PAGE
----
This is essentially a waste of resources in order to make the charter system politically feasible.

When asked about the current funding system for traditional public schools, Geoff Beckwith, executive director of the Massachusetts Municipal Association, told MassLive that “until the financing system is fixed, the ballot question providing for the expansion of charter schools would exacerbate and deepen the financial trouble that these local school systems are dealing with and the communities that are most impacted by charter school expansion are in most cases the most financially challenged communities.”

Question 3 proposes a law that “would prohibit any farm owner or operator from knowingly confining any breeding pig, calf raised for veal, or egg-laying hen in a way that prevents the animal from lying down, standing up, fully extending its limbs, or turning around freely. The law would also extend to those bringing products of animals confined to the aforementioned situations inside the state borders,” according to the Secretary of the Commonwealth of Massachusetts.  

This measure is more about morality than anything else. We advocate voting to support passage of this legislation that would protect farm animals from unnecessary cruelty.

Because of the fact that no legislation has thus far been passed to prevent these unfortunate circumstances, some farm owners have taken advantage. With the approval of this law, farm animals will be protected from having to deal with terrible living situations. These animals are raised for slaughter and the least one can do is provide them with comfortable living situations.

The main argument opposing the passage of this legislation is the fear that prices of products will rise due to the new law. A small increase seems like a small cost to pay if it means that animals will be treated with respect during their short lives.

It has been one year since California enacted its cage-free egg law. When asked about the current egg prices in California, Stephanie Harris, Massachusetts director of the Humane Society of the United States, told CBS Boston, “You see that the cost of eggs today is on par with the national average, and in fact this summer dipped below the national average, and that’s backed up by numerous egg industry studies which show it would only increase the cost by about a penny an egg.”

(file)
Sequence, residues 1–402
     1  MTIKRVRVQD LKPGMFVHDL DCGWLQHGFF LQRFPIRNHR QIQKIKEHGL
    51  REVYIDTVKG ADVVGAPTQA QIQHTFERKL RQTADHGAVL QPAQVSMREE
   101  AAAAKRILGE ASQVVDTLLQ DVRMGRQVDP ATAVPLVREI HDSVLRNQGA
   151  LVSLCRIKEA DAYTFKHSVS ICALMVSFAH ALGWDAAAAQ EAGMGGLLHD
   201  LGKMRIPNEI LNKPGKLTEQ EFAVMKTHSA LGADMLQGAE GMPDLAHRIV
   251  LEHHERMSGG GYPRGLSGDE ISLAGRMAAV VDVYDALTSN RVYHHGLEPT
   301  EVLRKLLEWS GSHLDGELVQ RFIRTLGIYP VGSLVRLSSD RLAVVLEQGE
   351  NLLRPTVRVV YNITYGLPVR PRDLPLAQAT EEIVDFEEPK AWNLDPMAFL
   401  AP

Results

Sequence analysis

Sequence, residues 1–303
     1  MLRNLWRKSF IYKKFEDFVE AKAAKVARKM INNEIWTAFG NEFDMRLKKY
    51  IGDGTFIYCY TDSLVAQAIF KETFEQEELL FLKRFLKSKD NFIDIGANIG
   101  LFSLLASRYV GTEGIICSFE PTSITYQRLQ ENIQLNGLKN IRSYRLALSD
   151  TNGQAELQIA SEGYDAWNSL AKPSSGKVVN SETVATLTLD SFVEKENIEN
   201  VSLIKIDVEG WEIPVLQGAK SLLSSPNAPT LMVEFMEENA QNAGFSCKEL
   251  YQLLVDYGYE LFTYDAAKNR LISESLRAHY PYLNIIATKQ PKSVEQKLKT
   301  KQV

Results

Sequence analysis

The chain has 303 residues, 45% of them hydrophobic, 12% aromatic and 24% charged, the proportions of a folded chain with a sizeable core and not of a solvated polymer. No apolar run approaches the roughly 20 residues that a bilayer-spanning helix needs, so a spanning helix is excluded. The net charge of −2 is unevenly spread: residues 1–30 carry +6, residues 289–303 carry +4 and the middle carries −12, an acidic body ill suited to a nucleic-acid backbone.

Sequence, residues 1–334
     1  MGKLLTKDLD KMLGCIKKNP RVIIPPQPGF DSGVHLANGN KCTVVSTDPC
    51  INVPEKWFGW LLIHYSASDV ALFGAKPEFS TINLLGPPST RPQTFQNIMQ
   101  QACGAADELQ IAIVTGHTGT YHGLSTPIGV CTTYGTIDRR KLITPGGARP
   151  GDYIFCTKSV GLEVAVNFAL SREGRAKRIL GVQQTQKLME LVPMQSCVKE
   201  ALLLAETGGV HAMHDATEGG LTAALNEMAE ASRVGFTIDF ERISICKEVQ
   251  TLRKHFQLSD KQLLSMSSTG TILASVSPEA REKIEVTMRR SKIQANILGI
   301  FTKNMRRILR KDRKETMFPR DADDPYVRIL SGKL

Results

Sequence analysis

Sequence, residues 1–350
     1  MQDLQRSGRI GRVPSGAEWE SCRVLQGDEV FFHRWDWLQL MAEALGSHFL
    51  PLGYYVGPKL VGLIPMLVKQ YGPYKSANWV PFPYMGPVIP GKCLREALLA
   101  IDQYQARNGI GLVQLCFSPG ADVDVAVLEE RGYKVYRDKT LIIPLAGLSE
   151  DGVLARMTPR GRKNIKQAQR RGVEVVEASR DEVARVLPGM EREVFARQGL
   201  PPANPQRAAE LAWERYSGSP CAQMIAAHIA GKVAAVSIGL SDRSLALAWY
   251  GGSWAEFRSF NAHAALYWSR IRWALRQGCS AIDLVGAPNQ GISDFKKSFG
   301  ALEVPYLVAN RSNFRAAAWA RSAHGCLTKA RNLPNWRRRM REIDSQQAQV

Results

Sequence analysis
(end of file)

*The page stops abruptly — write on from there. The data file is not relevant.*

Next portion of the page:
Question 4 is the final measure facing Massachusetts voters. According to the Secretary of the Commonwealth of Massachusetts, “The proposed law would permit the possession, use, distribution, and cultivation of marijuana in limited amounts by persons age 21 and older and would remove criminal penalties for such activities.”

We choose to support the passage of this legislation to allow the legal use and sale of recreational marijuana. Though marijuana arguably is harmful to one’s health, legal regulation will replace a dangerous and illegal market with a system of licensed businesses that will ask for ID and only sell products to adults.

The underground market for marijuana comes with many issues. Other than the fact that it is illegal, it is inherently dangerous. Often times, confiscated marijuana is found to have harmful chemicals added to it. Regulation means quality control.

Many people believe that keeping marijuana illegal will keep it out of public hands. Prohibition did not work for alcohol when the 18th Amendment was passed and time has shown it does not work for marijuana.

Additionally, marijuana has proven to be less harmful than alcohol in a variety of studies. A study published in Scientific Reports in January 2015 found that the mortality risk associated with marijuana is approximately 114 times less than that of alcohol.

Allowing marijuana distribution to become legal also comes with significant financial benefits. According to taxfoundation.org, “Marijuana tax collections in Colorado and Washington have exceeded initial estimates, and a nationwide legalization-and-tax regime could see states raise billions of dollars per year in marijuana tax revenue.”

If similar legalization were to happen here, the state could raise significant and needed revenue. It could also save money in the criminal justice system.  

“Officers spend more time arresting people with small amounts of cannabis rather than arresting people who are in possession of extremely harmful drugs in relatively large amounts,” according to the American Civil Liberties Union.

These arrests end up backlogging an already overburdened judicial system. The benefits here outweigh the negatives.

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Navigating the four ballot questions